You wont' find a scout that doesn't think that Herrera's bat will play as he climbs the minor league ladder. His approach is as professional as you will find from a teen aged catcher. His swing is short and beautiful and never over-used.

While I haven't seen much of Herrera behind the plate, all indications are that he'll stick. I caution that there are still so many variable for a prospect that has yet to have an extended taste of full season baseball. To really make a decision about their ability to catch long term is just a fun guessing game, but as of right now it appears that Herrera is a league-average defensive catcher. He still has many of the weak spots that most teen aged catchers have, but he's filled with athleticism as this gif will demonstrate. This is not an easy play:

From what I have seen, he seems just a click too slow with his pop time. However, of all of the things to complain about, I feel good with where he currently is to not be overly-worried about it. Make no mistake: the catching position is the most demanding on the diamond and a catcher's work at mastering their craft is never complete and it's always laborious. Herrera is about to learn that.

I really like Ivan's approach at the plate and if he can continue down the path of a walk rate of 8-9% and a strike out rate of 15-18% with limited but budding pop then he'll be good to come 2021/2022. One last time: there is stil. plenty of development for the teenager to go through but there is time for it to happen. With a solid foundation to build on, it appears Herrera is a prospect worth knowing.

#4: Zach Jackson - 20 Years Old - Rookie A & A-Advanced

No, I cannot figure Zach Jackson out. Look, I just don't believe that he is going to stick at catcher. my mind won't allow me to believe that a 6'3" (potentially bigger than that) person could handle the rigors of the position. I also struggle to figure out what kind of an offensive profile he'll have. He's just kind of a paradox, to me.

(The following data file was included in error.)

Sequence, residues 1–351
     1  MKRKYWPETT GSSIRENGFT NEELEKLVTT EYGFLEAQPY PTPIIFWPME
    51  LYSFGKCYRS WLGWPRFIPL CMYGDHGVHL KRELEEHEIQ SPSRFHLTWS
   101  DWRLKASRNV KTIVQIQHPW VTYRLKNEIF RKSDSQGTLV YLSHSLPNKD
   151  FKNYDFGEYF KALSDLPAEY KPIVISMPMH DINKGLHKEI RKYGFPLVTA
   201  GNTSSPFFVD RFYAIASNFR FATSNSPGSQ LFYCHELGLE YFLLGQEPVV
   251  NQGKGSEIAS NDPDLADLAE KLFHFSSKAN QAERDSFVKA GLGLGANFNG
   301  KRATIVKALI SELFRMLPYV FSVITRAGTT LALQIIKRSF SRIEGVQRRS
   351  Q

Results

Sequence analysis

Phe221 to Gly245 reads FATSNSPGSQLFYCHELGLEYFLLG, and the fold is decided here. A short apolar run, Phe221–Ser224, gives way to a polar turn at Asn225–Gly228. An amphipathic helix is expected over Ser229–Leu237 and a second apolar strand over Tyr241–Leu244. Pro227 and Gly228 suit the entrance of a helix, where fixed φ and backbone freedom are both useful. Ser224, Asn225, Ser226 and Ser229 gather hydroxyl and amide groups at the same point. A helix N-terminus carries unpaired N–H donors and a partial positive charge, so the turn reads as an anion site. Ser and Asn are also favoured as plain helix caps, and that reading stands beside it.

And, for the record, I'm being wayyyyyyy more aggressive with Jackson than I care to be. I'm not even fully sure why I put him here. I guess that I'm just buying in to some of the hype and potential that he's shown.

But I will say that I was largely dismissive of him even though he commanded an above-average bonus as a sixth round pick out of high school in the 2017 draft. He just seemed like the toolsy type that you take a chance on and hope for the best. You know, like Walker Robbins. Turns out, Jackson did a lot in the offseason between 2017 and 2018 to really clean up his swing and now he looks like a different hitter than the kid that the Cardinals drafted.

Don't let that compliment distract you from the fact that the left-handed swinging Jackson strikes out A LOT. 34% over 184 plate appearances in the Appalachian League is a staggeringly high total. I do really like the 14.1% walk rate, but there isn't a league in baseball where you can get away with striking out that much. Obviously, that is the biggest area of concern.

At this point in his career, Jackson has played catcher exclusively in the organization. I do have my concerns about his ability to stay at the position in the long run. He's a little slow getting out of the crouch and he just seems a little too big for the position. This is from the high school showcase circuit:

As I've stated countless times, you keep players at short, catcher, and starting pitcher for as long as you possibly can. While I believe that Jackson is best suited for first base, only time will tell if he can stay at catcher. I'm even curious if he'd be able to play third base. I just really love his arm.

#5: Jeremy Martinez - 23 Years Old - AA & AAA